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Tag: FCC

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At Issue } essential reading

Three Dangers of Losing Net Neutrality That Nobody’s Talking About

WIRED OPINION
Jan 20, 2014

Net neutrality is an incredibly important issue, but it’s hard to know what to pay attention to when people throw around jargon like “common carriers” and “reclassification.” It doesn’t help that people who tend to be united in their reaction — everyone from techno-libertarians to VCs – seem divided about the gutting of the FCC’s net neutrality rules this week.

Why Business Should Oppose Net Neutrality

Robert E. Litan and Hal J. Singer
Aug 17, 2010

Most business executives likely have never come across the concept. Yet despite its limited reach to a small audience of policy wonks, President Obama made it a campaign issue in 2008, the Federal Communications Commission (FCC) is determined to make it the law, and industry analysts are concerned that its passage would undermine investment by Internet service providers (ISPs). A recent pact on the subject between Google and Verizon — the largest representatives on both sides of the debate — made the covers of the nation's major newspapers this week. What's the fuss over this thing called "net neutrality"?

Here’s The Real Google/Verizon Story: A Tale of Two Internets

Eliot Van Buskirk
Aug 10, 2010

Google and Verizon announced a joint proposal on Monday that would allow ISPs to offer premium content bundles over an unspecified global network — an unexpected gambit that would seem to call for separate and unequal internets. The two companies say the guidelines would ensure that no internet traffic of any kind is prioritized over any other kind (with the exception of viruses, spam and the like).

Google and Verizon in Talks on Selling Internet Priority

Edward Wyatt
Aug 5, 2010

Google and Verizon, two leading players in Internet service and content, are nearing an agreement that could allow Verizon to speed some online content to Internet users more quickly if the content’s creators are willing to pay for the privilege. The charges could be paid by companies, like YouTube, owned by Google, for example, to Verizon, one of the nation’s leading Internet service providers, to ensure that its content received priority as it made its way to consumers. The agreement could eventually lead to higher charges for Internet users.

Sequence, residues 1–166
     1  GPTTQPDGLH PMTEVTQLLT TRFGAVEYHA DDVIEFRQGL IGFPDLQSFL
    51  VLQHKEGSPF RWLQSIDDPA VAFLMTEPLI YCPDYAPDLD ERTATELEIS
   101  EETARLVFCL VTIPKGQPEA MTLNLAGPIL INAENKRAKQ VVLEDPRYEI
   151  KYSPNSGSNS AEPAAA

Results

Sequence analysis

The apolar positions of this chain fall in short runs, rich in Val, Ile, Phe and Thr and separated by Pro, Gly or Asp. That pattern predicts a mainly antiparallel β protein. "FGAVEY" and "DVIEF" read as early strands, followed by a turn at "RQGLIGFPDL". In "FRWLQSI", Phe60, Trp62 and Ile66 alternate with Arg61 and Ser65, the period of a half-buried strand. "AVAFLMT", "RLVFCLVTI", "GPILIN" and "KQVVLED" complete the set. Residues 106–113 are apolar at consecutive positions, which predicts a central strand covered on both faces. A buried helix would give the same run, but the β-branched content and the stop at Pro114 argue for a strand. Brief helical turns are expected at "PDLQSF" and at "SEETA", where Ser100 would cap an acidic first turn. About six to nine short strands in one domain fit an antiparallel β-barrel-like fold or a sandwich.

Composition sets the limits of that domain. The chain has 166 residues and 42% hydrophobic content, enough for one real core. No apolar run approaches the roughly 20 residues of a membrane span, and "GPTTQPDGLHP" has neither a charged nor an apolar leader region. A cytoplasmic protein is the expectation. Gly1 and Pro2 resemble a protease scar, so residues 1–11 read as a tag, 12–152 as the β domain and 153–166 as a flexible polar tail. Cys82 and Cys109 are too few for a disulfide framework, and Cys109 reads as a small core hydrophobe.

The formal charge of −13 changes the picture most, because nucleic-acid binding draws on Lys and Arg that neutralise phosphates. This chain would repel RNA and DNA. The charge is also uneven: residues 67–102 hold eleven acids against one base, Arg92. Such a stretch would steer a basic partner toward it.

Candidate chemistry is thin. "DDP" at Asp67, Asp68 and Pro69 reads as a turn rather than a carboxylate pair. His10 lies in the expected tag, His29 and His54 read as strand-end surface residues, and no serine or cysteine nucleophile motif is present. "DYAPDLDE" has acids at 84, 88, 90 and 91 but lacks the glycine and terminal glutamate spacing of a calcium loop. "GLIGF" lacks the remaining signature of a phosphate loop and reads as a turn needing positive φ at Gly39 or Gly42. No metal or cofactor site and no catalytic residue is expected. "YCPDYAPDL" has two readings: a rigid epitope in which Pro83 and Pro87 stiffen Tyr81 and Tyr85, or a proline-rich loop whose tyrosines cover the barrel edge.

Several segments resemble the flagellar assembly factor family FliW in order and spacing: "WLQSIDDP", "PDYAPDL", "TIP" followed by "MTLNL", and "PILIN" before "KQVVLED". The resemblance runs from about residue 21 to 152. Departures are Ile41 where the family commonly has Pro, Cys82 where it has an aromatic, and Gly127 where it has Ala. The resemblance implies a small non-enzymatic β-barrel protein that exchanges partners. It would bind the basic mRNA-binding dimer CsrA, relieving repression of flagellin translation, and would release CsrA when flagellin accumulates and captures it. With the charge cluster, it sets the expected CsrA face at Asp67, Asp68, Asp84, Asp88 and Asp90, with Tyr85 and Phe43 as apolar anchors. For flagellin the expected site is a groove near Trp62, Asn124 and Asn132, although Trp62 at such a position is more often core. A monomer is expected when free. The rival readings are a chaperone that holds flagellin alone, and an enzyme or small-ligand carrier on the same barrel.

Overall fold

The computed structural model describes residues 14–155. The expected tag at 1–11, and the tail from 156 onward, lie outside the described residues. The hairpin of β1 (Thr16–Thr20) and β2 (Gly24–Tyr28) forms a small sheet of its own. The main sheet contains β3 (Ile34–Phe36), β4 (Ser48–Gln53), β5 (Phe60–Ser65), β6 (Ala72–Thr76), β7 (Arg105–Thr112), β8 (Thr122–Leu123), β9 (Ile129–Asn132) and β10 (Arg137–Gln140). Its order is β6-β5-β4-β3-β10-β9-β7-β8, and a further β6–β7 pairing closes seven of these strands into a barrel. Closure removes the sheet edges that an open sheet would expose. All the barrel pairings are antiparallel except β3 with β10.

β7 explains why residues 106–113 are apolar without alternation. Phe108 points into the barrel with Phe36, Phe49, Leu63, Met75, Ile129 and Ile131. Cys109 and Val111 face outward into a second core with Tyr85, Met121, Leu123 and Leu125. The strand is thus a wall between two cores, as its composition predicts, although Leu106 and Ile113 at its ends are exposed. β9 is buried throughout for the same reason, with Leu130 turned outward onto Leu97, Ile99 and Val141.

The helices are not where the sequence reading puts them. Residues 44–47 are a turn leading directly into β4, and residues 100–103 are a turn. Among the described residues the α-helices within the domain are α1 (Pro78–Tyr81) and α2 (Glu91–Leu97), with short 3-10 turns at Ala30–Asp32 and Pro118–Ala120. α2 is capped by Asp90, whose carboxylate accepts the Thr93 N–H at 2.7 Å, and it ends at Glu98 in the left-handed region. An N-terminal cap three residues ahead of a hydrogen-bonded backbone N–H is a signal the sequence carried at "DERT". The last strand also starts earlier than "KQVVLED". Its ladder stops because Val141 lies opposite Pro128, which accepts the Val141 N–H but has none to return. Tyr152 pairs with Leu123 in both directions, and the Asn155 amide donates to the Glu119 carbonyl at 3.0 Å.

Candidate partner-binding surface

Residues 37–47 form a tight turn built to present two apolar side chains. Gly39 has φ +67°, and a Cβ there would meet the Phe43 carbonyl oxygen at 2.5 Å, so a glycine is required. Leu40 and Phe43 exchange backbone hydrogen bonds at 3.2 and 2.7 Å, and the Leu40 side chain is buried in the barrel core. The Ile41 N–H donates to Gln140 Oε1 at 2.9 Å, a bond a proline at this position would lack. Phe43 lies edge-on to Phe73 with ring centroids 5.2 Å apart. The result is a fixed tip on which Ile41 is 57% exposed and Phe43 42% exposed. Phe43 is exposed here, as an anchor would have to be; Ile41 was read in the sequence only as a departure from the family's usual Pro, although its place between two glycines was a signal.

FCC Web Rules Create Pushback

Amy Schatz and Spencer E. Ante
May 7, 2010

The head of the Federal Communications Commission on Thursday outlined a proposal for regulating the Internet that he described as a "third way," or middle ground between "heavy-handed" regulation and a do-nothing approach that could hurt competition and leave consumers unprotected.

Is The FCC Giving Up On Net Neutrality?

May 4, 2010

According to a number of anonymous sources in today's Washington Post, the Federal Communications Commission is expected not to pursue a change in the regulatory classification of broadband Internet service. This is basically good news—even more so because the reported reasoning behind Genachowski's decision is, in fact, fairly sound.

Court Strikes at 'Net Neutrality'

Amy Schatz and Brent Kendall
Apr 6, 2010

A federal appeals court ruled Tuesday that the Federal Communications Commission exceeded its authority when it sanctioned Comcast Corp. in 2008 for deliberately slowing Internet traffic for some users. The unanimous decision is a blow to the FCC, which argued it had authority to police Internet providers and prevent them from blocking or slowing subscribers' Internet traffic. The victory is likely to spark efforts by the FCC and Congress to impose new rules on Comcast and other Internet providers. Major Internet providers will likely oppose such moves, particularly any effort by the FCC to apply rules to their Web services that were originally enacted to promote more competition in the land-line phone industry.

Google Jolts Telecom Rivals

Feb 11, 2010

Google Inc., putting more pressure on cable and phone companies, said it plans to begin offering ultrafast Internet services to consumers in a small number of U.S. cities. Under the plan, the Internet search giant will take its biggest step into supplying Web connections rather than the services that run atop them. Google said it will build and test a few fiber-optic networks that reach homes, aiming to serve 50,000 to 500,000 people. Google executives said the move was designed to accelerate the deployment of faster networks and show off the sort of services that high-speed connections can enable, such as rapid video downloads.

AT&T Gives Green Light to Sling TV Over 3G

Feb 4, 2010